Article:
Hebrew and Judaica Manuscripts at Columbia Libraries Through Jan. 25
|Watch the video to learn more about The People in the Books, on exhibit at Columbia's Rare Book and Manuscript Library. (3:30)|
(Editor's note: The following story and slideshow were published on Sept. 14, 2012. The video was published on Dec. 6, 2012.)
A new exhibition entitled The People in the Books: Judaica Manuscripts at Columbia University Libraries opened in the Rare Book and Manuscript Library on September 12. Co-sponsored by the Norman E. Alexander Library, the exhibition of Hebrew and Judaica manuscripts will run through January 25.
The exhibition draws from the extensive Hebrew manuscript collection at Columbia, which contains approximately 1,600 manuscripts dating from the 10th to the 20th centuries, and spans the globe from India to the Caribbean. The exhibit will focus on the individual stories represented in the manuscripts, such as a booklist for a private library, a tipped-in prayer for a pregnant princess, and an ancient Haggadah with wine stains on its pages.
The Columbia Judaica collection became truly significant through the generous donation of Temple Emanuel, the oldest Reform congregation in New York City. In 1862, Temple Emanuel purchased 2,500 rare books and 45 manuscripts from Fredrich Mueller, a rare book dealer in Amsterdam. This collection was made up of the libraries of important scholars, including Rabbi Yaakov Emden of Altona (1698-1776), a famous Talmudist and Kabbalist; and Guiseppe Almanzi of Padua (1801 – 1860), a bibliophile and poet. The Almanzi library included books from the library of Hayyim Joseph David Azulai (HIDA, 1724 - 1806), a rabbi and scholar who traveled the world collecting and researching Hebrew rare books and manuscripts. The Almanzi collection was also used by the great scholar and bibliographer Morris Steinschneider and Leopold Zunz. In 1892, the Temple Emanuel board made the decision to donate the library to Columbia.
In 1934, Columbia professor Salo Baron ensured that the manuscript collections at Columbia would be truly magnificent when he purchased a collection of approximately 700 important manuscripts from David Frankel, a book-dealer in Vienna.
Other donors throughout the 19th and 20th centuries included Jacob Schiff and Oscar Strauss, Richard Gottheil and Stephen S. Wise, and Columbia professor Yosef Yerushalmi. In 2008, the Norman E. Alexander Foundation donated four million dollars to create the Norman E. Alexander Library for Jewish Studies and support its rare and general Judaica collections, ensuring that the collection will maintain its prominence well into the future.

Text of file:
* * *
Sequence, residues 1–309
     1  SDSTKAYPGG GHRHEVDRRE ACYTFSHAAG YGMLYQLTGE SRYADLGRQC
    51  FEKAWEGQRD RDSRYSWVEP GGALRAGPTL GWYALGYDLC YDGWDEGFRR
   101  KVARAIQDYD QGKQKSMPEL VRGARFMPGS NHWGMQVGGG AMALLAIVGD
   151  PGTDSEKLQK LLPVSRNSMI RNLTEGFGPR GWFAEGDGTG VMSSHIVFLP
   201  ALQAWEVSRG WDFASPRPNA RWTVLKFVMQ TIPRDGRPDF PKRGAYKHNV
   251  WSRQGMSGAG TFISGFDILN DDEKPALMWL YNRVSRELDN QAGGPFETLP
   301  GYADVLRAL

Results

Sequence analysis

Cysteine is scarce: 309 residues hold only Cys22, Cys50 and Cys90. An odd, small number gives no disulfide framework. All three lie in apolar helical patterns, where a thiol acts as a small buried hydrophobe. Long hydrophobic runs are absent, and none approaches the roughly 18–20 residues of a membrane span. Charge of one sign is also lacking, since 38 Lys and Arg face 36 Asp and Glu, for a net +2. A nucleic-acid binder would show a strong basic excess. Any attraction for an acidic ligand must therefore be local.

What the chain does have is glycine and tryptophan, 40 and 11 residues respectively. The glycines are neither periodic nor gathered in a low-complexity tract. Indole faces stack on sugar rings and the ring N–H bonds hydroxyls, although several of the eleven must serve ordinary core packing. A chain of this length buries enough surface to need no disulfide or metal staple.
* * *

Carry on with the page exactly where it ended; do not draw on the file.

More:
For more information on the exhibition, reception, lectures and hours please see the Rare Book & Manuscript Library website or call 212-854-8046.
The Rare Book & Manuscript Library owns over 500,000 rare books in some 20 book collections and almost 28 million manuscripts in nearly 3,000 separate manuscript collections. It is particularly strong in English and American literature and history, classical authors, children‘s literature, education, mathematics and astronomy, economics and banking, photography, the history of printing, New York City politics, librarianship, and the performing arts. Individual collections are as eclectic as they are extensive.
Columbia University Libraries/Information Services is one of the top five academic research library systems in North America. The collections include over 11 million volumes, over 150,000 journals and serials, as well as extensive electronic resources, manuscripts, rare books, microforms, maps, and graphic and audio-visual materials. The services and collections are organized into 22 libraries and various academic technology centers. The Libraries employs more than 500 professional and support staff.
—Story by Columbia News Staff
—Video by Columbia News Video Team
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In Memoriam: Harvey J. Goldschmid
Columbia Law School Professor Harvey J. Goldschmid ’65, a renowned corporate governance expert who served as a commissioner and the top attorney at the U.S. Securities and Exchange Commission and played a key role in implementing one of the most sweeping federal securities laws in U.S. history, died on Feb. 12. He was 74.
Goldschmid, the Dwight Professor of Law, was an alumnus of Columbia Law School and Columbia College. He joined the Columbia Law School faculty in 1970 and became the Dwight Professor of Law in 1984.